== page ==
We are a part of global science

Polish Science Day is a good opportunity to talk to Prof. Lukasz Albrecht - a chemist and Vice-Rector for Science. From the perspective of a researcher and representative of the authorities of Lodz University of Technology he says: we should remember that the term "Polish science" is a kind of abbreviation. There is, of course, science conducted in Poland and by Polish researchers, but we are part of global science. This gives incredible opportunities, but it is also a huge challenge, because our discoveries, solutions and achievements are verified globally.
prof. Łukasz Albrecht 

Today's holiday turns the spotlight on scientists. When did you develop a passion for chemistry?

We could even say love. My extremely dedicated chemistry teachers at primary and secondary school are responsible for this fascination. On the other hand, I have always been curious about the world and its phenomena, and chemistry allows you to know them very well. I was particularly interested in organic chemistry, which I have been practicing with satisfaction to date.

With your excellent grades and such interests, didn't you think about medicine?

My mother is a doctor and I think that for many people my only choice of studies was chemistry at Lodz University of Technology. My dad, in turn, is a graduate of the Faculty of Mechanical Engineering at Lodz University of Technology, so the choice of this university was natural for me. I did not apply anywhere else. I have never regretted this decision. Answering this question, I would also like to appeal to young people to not be afraid to follow their interests and passions when choosing studies. I think it's worthwhile to pursue chemistry, physics or engineering sciences, looking for inspiration in medicine, for example. Lodz University of Technology is a perfect place to develop and pursue such passions.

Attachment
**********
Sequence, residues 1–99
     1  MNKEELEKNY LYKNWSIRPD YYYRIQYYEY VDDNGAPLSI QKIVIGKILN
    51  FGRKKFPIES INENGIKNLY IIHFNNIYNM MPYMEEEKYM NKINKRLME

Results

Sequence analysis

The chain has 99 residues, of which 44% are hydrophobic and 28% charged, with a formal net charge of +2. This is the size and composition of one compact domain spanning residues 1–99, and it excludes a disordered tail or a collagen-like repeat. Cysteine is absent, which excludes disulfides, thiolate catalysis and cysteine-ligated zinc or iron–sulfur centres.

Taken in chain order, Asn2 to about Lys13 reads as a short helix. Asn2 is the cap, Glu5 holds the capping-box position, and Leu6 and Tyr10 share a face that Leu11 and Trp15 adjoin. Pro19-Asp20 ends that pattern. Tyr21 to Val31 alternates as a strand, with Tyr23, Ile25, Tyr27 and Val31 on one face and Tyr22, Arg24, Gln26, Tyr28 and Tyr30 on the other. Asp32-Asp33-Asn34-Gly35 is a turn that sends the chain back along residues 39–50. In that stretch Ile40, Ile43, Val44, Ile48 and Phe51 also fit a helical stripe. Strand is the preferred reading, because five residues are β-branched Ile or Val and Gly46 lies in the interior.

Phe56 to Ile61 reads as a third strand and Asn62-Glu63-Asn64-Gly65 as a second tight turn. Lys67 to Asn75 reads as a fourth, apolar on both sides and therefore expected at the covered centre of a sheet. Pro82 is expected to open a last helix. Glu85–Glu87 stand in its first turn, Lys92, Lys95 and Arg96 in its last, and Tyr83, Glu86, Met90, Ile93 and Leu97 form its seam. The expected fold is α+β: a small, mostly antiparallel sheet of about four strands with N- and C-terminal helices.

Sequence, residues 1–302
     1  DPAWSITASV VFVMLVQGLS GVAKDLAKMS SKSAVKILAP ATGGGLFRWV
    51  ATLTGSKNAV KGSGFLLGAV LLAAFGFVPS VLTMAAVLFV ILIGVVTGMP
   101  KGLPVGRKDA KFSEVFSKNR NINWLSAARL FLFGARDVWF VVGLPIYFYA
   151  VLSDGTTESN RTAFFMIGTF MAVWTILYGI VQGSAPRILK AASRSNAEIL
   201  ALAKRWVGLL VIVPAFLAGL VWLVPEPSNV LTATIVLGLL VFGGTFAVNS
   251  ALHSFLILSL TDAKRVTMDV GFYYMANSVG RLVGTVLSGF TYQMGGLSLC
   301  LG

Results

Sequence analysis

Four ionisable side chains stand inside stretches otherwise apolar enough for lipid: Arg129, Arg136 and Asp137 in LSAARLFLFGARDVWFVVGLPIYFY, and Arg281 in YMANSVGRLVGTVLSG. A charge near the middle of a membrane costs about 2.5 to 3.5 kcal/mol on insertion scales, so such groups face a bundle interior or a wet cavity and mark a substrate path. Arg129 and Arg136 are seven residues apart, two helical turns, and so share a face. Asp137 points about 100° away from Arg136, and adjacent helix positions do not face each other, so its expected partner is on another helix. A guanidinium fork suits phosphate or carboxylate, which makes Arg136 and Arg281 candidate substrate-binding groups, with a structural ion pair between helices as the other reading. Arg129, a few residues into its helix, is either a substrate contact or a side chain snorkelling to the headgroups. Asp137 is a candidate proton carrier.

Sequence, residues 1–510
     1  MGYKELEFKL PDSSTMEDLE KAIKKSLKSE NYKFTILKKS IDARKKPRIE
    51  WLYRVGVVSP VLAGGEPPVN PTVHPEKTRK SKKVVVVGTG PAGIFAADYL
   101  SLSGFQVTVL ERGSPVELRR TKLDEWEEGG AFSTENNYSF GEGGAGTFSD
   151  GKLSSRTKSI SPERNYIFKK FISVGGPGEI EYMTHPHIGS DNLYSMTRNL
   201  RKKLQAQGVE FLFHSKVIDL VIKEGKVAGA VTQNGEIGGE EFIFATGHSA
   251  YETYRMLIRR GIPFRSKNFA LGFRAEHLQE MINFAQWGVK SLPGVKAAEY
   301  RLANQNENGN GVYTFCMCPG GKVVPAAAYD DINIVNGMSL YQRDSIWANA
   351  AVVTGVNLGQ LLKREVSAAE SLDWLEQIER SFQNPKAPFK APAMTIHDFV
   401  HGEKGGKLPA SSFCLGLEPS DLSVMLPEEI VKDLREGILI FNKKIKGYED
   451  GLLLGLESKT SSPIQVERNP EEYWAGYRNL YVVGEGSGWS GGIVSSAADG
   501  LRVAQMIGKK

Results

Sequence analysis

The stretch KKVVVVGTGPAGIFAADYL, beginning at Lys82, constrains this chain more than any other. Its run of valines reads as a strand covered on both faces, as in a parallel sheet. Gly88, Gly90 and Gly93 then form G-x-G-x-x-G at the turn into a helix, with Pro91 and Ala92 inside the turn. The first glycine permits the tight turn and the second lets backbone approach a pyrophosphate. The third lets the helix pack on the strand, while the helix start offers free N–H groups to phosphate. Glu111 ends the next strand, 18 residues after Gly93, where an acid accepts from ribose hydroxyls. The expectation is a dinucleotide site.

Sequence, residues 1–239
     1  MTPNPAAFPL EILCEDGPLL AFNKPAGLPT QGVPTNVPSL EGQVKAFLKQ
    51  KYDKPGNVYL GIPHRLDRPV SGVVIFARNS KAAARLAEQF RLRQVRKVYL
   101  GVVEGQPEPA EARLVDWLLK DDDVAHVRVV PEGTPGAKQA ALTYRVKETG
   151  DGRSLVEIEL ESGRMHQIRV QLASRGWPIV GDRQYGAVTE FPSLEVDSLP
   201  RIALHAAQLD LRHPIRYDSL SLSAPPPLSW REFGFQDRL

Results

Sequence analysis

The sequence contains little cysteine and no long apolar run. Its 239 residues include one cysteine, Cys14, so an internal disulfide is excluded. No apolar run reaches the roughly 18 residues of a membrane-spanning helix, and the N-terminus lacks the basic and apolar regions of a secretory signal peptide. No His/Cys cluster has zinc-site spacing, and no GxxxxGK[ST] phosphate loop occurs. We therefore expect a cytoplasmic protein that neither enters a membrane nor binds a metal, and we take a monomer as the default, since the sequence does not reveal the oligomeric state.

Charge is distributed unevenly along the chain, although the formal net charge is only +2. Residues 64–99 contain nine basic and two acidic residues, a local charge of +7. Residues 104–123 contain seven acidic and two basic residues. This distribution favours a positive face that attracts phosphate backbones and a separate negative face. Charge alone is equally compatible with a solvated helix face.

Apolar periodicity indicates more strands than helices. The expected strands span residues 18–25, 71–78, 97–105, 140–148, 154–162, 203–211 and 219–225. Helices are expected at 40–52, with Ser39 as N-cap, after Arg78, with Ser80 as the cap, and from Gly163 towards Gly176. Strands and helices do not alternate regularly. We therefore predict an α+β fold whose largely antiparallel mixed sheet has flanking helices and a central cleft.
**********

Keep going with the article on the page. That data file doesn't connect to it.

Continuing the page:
You graduated from the Faculty of Chemistry in 2004 and received your professorship in 2019 at the age of 39. Your scientific work has been very intense and successful, with a specialization in asymmetric catalysis. To the layman, this sounds mysterious. Please explain what this process consists of?

We are dealing with a phenomenon of science, which is chirality. This is the property that an object and its mirror image cannot be superimposed on each other. You can think of this in terms of hands that, although they are mirror images of each other, when you try to overlap them, they don't match as perfectly as you would think. Chirality of objects is identified at the molecular level. Changing only the spatial structure of molecules translates into huge differences in their biological activity. Many times it is the case that one spatial form of a molecule may have beneficial properties and another may not exhibit them or be harmful. An example is the trendy sweetener aspartame. One of its spatial forms is sweeter than sugar, while its mirror image has a bitter taste.